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THE SUPREME COURT OF NEW HAMPSHIRE
Public Employee Labor Relations Board
APPEAL OF THE SOMERSWORTH SCHOOL DISTRICT
(New Hampshire Public Employee Labor Relations Board)
June 3, 1998
Soule, Leslie, Kidder, Zelin, Sayward & Loughman, of Salem (Michael S. Elwell on the brief and orally), for the petitioner.
Steven R. Sacks, of Concord, staff attorney, NEA-New Hampshire, by brief and orally, for the respondent, Somersworth Association of Educators.
JOHNSON, J. The Somersworth School District (district) appeals the ruling of the public employee labor relations board (PELRB) that it committed an unfair labor practice, see RSA 273-A:5, I(h) (1987), when it refused to process a grievance filed by Gary Tuttle, an employee of the district. We reverse.
Tuttle was employed as a "job coordinator" at Somersworth High School from 1990 through 1995. As job coordinator, Tuttle assisted disabled students at the high school in obtaining employment outside school and in making the transition from the school setting to the community. Tuttle's employment contract was identical to that issued to traditional classroom teachers in the district. He also received many of the same benefits as teachers covered by the collective bargaining agreement (CBA) between the district and the respondent teachers union, the Somersworth Association of Educators (union). In May 1995, Tuttle was informed that his contract would not be renewed because budgetary constraints required a reduction in the work force, and he would be terminated effective June 30, 1995.
Tuttle attempted to grieve his termination, claiming that the district failed to notify him of his termination before March 30, 1995, as required by the CBA. The district refused to process Tuttle's grievance, claiming, inter alia, that he was not a member of the bargaining unit covered by the CBA. In 1974, the district and the union entered into a CBA that contained a recognition clause which defined the scope of the bargaining unit as "any individual employed by the Somersworth School District who deals directly with children in the classroom, the qualifications of whose position are such as to require him or her to hold an appropriate credential issued by the State Board of Education." The PELRB certified the union as the bargaining unit's exclusive representative in 1976, see RSA 273-A:8 (1977) (amended 1983), and since that time, no changes to the recognition clause were ratified by the PELRB. See Appeal of Londonderry School Dist., 142 N.H. , , 707 A.2d 137, 139 (1998); RSA 273-A:8, :10 (1987). The CBA in effect in 1994 contained a modified version of the recognition clause, one that was not ratified by the PELRB. It still retained, however, the requirement that the employee be certified by the State. It stated:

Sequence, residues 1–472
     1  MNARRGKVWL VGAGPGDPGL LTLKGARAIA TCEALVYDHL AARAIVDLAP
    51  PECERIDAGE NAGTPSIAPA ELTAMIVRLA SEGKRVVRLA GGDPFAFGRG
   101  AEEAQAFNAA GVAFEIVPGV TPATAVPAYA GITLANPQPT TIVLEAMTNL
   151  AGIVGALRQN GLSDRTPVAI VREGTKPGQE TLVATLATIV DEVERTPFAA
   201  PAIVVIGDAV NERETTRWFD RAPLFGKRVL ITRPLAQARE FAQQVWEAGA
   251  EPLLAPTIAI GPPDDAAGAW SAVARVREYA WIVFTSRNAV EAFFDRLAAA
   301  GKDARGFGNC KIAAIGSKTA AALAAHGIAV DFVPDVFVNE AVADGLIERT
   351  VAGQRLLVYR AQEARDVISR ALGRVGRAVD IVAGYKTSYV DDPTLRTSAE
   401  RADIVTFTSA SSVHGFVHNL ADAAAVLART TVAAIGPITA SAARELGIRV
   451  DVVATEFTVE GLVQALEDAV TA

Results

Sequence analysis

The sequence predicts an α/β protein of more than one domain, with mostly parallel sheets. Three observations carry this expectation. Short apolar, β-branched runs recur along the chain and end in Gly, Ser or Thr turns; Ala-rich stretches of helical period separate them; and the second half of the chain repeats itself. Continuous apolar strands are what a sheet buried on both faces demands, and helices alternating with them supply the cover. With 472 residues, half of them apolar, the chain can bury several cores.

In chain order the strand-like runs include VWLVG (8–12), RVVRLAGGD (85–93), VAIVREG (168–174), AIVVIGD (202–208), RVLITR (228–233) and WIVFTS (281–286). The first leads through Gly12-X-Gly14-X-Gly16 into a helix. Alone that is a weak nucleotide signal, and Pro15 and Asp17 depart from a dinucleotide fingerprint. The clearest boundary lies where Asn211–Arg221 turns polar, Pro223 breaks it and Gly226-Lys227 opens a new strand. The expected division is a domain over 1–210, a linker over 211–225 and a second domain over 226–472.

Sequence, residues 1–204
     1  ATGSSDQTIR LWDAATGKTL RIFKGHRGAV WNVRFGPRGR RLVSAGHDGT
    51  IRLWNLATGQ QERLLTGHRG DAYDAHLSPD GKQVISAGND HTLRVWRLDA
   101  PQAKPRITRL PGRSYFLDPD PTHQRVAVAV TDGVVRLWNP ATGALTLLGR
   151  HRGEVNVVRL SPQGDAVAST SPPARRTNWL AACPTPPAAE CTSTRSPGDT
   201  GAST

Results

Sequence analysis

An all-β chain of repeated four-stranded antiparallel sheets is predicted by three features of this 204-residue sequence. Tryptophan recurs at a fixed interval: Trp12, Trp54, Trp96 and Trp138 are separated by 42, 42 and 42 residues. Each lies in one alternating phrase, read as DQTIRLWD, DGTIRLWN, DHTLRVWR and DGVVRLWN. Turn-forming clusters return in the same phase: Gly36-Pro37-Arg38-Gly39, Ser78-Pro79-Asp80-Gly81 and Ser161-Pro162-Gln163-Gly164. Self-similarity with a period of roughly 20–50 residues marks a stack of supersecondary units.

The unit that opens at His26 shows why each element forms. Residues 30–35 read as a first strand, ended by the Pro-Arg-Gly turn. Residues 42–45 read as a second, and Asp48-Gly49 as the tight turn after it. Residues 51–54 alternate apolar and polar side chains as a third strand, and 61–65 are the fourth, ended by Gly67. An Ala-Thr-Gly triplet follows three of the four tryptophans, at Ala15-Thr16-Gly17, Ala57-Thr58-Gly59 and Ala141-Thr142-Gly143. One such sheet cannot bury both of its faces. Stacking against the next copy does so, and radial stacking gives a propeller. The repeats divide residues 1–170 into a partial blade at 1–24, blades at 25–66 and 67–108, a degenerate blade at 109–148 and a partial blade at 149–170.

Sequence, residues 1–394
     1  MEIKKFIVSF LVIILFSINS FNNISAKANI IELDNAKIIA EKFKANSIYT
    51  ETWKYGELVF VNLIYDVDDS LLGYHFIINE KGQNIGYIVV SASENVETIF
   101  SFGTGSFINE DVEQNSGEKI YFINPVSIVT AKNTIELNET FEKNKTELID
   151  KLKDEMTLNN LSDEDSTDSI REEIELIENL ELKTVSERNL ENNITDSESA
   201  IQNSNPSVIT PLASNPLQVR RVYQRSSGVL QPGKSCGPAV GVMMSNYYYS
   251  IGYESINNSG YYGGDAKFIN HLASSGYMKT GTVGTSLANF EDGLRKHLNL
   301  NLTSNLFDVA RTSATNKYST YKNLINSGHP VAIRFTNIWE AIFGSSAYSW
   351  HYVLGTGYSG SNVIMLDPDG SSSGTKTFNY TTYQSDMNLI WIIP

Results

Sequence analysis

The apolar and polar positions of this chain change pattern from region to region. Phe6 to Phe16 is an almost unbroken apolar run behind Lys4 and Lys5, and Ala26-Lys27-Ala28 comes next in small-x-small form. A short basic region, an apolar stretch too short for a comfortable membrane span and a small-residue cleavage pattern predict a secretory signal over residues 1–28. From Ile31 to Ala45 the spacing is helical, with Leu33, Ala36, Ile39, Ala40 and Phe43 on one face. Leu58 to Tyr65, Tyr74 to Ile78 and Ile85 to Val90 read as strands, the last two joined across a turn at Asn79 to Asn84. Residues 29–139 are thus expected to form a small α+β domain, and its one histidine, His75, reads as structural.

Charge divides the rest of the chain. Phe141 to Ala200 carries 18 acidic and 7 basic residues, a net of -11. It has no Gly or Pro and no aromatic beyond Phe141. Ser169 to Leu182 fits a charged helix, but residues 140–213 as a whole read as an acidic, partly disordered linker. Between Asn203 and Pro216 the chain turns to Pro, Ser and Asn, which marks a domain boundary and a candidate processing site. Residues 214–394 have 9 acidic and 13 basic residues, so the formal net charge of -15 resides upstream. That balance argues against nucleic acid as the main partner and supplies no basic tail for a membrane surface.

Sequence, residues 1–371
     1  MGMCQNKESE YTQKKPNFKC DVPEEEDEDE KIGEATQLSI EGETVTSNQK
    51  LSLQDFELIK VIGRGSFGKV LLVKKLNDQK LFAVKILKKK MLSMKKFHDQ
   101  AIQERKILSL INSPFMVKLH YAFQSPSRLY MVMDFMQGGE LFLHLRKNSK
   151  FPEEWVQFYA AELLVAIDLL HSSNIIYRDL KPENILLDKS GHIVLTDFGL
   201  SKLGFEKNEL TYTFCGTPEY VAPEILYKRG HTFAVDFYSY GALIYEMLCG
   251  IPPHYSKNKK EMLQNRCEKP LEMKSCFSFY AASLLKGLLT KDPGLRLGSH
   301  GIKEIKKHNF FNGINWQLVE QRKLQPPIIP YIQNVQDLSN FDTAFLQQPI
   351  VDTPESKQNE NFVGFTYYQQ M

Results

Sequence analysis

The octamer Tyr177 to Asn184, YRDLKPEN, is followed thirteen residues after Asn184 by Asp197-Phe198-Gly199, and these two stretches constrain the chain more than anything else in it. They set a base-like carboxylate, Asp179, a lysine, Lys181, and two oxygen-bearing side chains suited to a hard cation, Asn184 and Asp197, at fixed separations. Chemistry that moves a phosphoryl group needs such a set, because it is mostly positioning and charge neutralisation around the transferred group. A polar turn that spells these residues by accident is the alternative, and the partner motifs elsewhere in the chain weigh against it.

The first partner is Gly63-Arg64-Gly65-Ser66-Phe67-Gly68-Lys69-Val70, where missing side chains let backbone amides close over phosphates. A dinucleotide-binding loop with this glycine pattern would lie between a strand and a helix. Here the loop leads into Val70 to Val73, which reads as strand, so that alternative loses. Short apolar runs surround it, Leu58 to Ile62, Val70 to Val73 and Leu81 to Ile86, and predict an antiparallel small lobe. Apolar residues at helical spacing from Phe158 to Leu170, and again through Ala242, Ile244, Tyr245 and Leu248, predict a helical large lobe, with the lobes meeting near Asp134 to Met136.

For the purpose of collective negotiations the [district] recognizes the [union] as the exclusive representative of all professional personnel except those to be classified below as administrators, whose employment shall require them to hold a professional certificate issued by the State Board of Education.
(Footnote omitted.) Consequently, the district claimed that because Tuttle was never certified by the board of education, he was excluded from the bargaining unit and was not entitled to use the grievance process under the CBA. See RSA 273-A:11, I(a) (1987).
In response, the union and Tuttle filed an unfair labor practice charge against the district claiming that because Tuttle had been treated like a certified teacher during his employment at Somersworth High School, the position of job coordinator should be included in the CBA. The PELRB agreed, holding that because of the district's "multi-year course of behavior towards Tuttle," it must recognize him as a member of the bargaining unit and process his grievance. The PELRB also found that the district was estopped from asserting that Tuttle was not included in the bargaining unit because the district had previously recognized Tuttle for his contributions to the "profession," which the PELRB found to be interchangeable with the term "teacher" in the CBA, and because the district had previously processed a grievance filed by Tuttle without objecting to his standing to grieve. This appeal followed.
On appeal, the district asserts that it was error for the PELRB to modify the recognition clause to include a position not required to be certified by the State Board of Education and that the PELRB lacks subject matter jurisdiction to confer a remedy based on equitable estoppel.
We review decisions of the PELRB pursuant to RSA 541:13 (1997). Appeal of Alton School Dist., 140 N.H. 303, 308, 666 A.2d 937, 940 (1995). The PELRB's factual findings are deemed prima facie lawful and reasonable. Appeal of Hinsdale Fed'n of Teachers, 138 N.H. 88, 90, 635 A.2d 480, 481 (1993). To succeed on appeal, the district must show that the PELRB erred as a matter of law or that its decision was unjust or unreasonable by a clear preponderance of the evidence. See RSA 541:13; Appeal of Londonderry School Dist., 142 N.H. at , 707 A.2d at 139.